There may also be occasions when the original message times out, in which case the queue manager needs to understand that the message was a “clustered” message and then publish the “delete this message reference” to all the other queue managers. The cluster message may alternatively have the same timeout as the original message.
Scalability of this special queue can also be considered such that a shadow queue mechanism is provided, for example, for every local Q1 there is a Q1.CLUSTER.QUEUE. A single cluster queue may alternatively be used for multiple local or remote queues.
The memory elements may include system memory 402 in the form of read only memory (ROM) 404 and random access memory (RAM) 405. A basic input/output system (BIOS) 406 may be stored in ROM 404. System software 407 may be stored in RAM 405 including operating system software 408. Software applications 410 may also be stored in RAM 405.
The system 400 may also include a primary storage means 411 such as a magnetic hard disk drive and secondary storage means 412 such as a magnetic disc drive and an optical disc drive. The drives and their associated computer-readable media provide non-volatile storage of computer-executable instructions, data structures, program modules and other data for the system 400. Software applications may be stored on the primary and secondary storage means 411, 412 as well as the system memory 402.
The computing system 400 may operate in a networked environment using logical connections to one or more remote computers via a network adapter 416.
Input/output devices 413 can be coupled to the system either directly or through intervening I/O controllers. A user may enter commands and information into the system 400 through input devices such as a keyboard, pointing device, or other input devices (for example, microphone, joy stick, game pad, satellite dish, scanner, or the like). Output devices may include speakers, printers, etc. A display device 414 is also connected to system bus 403 via an interface, such as video adapter 415.
If the message is not found, the process proceeds to check 605 in the cluster queue for a shortened message. The cluster queue may be local at the second queue manager or may be remote on another queue manager. This check may include using message selectors to look for a specific message using information in the shortened message. It is determined if the shortened message is found 606. If a shortened message relating to the requested message is not found on the cluster queue, the request fails 607. If it is found on the cluster queue, the reference in the shortened message is followed 608 to the queue manager on which the full message is held. A remote request is made 609 to the queue manager where the full message is held. The full message is returned 610 from the local queue of the queue manager where the message is held.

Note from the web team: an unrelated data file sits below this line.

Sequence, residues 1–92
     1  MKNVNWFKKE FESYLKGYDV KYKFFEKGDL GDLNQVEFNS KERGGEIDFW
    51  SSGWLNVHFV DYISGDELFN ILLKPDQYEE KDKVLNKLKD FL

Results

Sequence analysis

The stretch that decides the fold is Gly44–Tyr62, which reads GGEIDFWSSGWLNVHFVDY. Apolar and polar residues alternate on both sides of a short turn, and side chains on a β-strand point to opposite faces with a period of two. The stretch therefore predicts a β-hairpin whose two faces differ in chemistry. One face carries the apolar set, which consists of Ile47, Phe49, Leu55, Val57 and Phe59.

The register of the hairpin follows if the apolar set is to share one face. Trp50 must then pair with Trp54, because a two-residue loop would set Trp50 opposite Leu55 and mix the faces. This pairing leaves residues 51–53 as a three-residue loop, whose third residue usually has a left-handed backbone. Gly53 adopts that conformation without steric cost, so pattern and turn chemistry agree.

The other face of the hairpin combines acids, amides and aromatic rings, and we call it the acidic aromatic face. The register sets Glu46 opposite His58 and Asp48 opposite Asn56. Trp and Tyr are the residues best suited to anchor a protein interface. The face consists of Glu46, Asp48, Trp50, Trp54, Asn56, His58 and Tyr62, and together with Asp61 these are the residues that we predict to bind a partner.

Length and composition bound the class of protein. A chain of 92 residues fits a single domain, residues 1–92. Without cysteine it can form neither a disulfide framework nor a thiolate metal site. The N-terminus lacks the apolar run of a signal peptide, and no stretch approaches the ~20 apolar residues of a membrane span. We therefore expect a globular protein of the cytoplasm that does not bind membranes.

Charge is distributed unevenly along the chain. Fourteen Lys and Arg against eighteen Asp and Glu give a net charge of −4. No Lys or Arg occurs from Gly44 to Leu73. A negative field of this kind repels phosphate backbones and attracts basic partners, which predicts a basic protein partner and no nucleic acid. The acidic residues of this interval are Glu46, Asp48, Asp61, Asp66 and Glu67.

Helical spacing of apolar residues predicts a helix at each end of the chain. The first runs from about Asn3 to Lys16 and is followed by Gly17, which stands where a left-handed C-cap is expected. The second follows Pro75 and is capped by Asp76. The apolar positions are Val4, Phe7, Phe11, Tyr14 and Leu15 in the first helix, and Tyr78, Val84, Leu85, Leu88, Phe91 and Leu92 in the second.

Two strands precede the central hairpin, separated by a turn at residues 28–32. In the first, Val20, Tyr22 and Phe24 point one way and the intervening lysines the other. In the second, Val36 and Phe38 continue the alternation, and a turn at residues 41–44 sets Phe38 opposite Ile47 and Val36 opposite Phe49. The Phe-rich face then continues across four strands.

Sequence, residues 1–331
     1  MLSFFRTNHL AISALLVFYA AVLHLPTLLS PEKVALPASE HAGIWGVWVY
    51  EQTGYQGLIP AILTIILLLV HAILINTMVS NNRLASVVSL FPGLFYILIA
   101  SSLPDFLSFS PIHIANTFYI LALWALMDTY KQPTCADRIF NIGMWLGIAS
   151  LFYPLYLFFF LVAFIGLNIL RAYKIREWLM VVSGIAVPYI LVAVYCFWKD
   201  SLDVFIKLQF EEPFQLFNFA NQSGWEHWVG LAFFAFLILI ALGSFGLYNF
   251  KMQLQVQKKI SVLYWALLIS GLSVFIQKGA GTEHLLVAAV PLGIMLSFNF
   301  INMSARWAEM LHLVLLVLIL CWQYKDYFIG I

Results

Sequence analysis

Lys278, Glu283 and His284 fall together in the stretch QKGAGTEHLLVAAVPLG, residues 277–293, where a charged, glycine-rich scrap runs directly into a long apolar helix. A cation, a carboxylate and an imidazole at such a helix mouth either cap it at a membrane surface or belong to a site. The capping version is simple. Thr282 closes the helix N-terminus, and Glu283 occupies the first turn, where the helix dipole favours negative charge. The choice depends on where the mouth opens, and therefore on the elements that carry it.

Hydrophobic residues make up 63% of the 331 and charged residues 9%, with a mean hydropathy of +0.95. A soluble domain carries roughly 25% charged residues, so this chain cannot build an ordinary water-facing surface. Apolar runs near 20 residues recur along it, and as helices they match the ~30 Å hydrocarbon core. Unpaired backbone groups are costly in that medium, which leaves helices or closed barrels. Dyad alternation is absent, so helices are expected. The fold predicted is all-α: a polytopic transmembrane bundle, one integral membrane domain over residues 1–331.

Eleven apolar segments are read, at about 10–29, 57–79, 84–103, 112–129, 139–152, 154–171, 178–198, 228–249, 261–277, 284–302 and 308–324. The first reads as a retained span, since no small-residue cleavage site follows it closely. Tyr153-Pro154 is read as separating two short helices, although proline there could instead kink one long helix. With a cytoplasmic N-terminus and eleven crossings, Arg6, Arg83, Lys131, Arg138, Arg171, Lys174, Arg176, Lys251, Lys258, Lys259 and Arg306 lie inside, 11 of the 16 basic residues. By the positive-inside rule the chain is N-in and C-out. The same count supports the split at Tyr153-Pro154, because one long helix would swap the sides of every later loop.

A support server alone, or as part of a messaging system, providing the link message functionality may be provided as a service to a customer over a network.
Embodiments of the invention can take the form of an entirely hardware embodiment, an entirely software embodiment or an embodiment containing both hardware and software elements. In one embodiment, the invention is implemented in software, which includes but is not limited to firmware, resident software, microcode, etc.
The invention can take the form of a computer program product accessible from a computer-usable or computer-readable medium providing program code for use by or in connection with a computer or any instruction execution system. For the purposes of this description, a computer usable or computer readable medium can be any apparatus that can contain, store, communicate, propagate, or transport the program for use by or in connection with the instruction execution system, apparatus or device.
The medium can be an electronic, magnetic, optical, electromagnetic, infrared, or semiconductor system (or apparatus or device) or a propagation medium. Examples of a computer-readable medium include a semiconductor or solid state memory, magnetic tape, a removable computer diskette, a random access memory (RAM), a read only memory (ROM), a rigid magnetic disk and an optical disk. Current examples of optical disks include compact disk read only memory (CD-ROM), compact disk read/write (CD-R/W), and DVD. Improvements and modifications can be made to the foregoing without departing from the scope of the present invention.
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|Citing Patent||Filing date||Publication date||Applicant||Title|
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|U.S. Classification||709/206, 709/223, 709/245, 709/232, 718/105, 709/234|
|Cooperative Classification||H04L67/2823, H04L67/1002, H04L67/1023|
|European Classification||H04L29/08N27F, H04L29/08N9A, H04L29/08N9A1J|
|Mar 4, 2009||AS||Assignment|
Owner name: INTERNATIONAL BUSINESS MACHINES CORPORATION, NEW Y
Free format text: ASSIGNMENT OF ASSIGNORS INTEREST;ASSIGNOR:HAWKINS, JOHN CHRISTOPHER;REEL/FRAME:022340/0483
Effective date: 20090128
|Feb 20, 2015||REMI||Maintenance fee reminder mailed|
|Jul 12, 2015||LAPS||Lapse for failure to pay maintenance fees|
|Sep 1, 2015||FP||Expired due to failure to pay maintenance fee|
Effective date: 20150712